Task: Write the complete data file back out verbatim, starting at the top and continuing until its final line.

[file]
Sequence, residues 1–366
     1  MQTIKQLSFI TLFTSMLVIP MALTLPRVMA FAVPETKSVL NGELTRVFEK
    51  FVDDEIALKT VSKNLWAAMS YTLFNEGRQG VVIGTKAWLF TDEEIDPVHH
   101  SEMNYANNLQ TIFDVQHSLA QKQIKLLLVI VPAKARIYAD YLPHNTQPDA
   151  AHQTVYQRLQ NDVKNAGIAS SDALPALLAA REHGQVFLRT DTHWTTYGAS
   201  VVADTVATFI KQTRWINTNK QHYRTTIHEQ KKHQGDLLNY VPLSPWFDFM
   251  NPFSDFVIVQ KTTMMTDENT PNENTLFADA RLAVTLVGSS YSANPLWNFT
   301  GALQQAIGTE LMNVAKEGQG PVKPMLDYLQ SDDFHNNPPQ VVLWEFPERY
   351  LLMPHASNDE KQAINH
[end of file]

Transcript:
Sequence, residues 1–366
     1  MQTIKQLSFI TLFTSMLVIP MALTLPRVMA FAVPETKSVL NGELTRVFEK
    51  FVDDEIALKT VSKNLWAAMS YTLFNEGRQG VVIGTKAWLF TDEEIDPVHH
   101  SEMNYANNLQ TIFDVQHSLA QKQIKLLLVI VPAKARIYAD YLPHNTQPDA
   151  AHQTVYQRLQ NDVKNAGIAS SDALPALLAA REHGQVFLRT DTHWTTYGAS
   201  VVADTVATFI KQTRWINTNK QHYRTTIHEQ KKHQGDLLNY VPLSPWFDFM
   251  NPFSDFVIVQ KTTMMTDENT PNENTLFADA RLAVTLVGSS YSANPLWNFT
   301  GALQQAIGTE LMNVAKEGQG PVKPMLDYLQ SDDFHNNPPQ VVLWEFPERY
   351  LLMPHASNDE KQAINH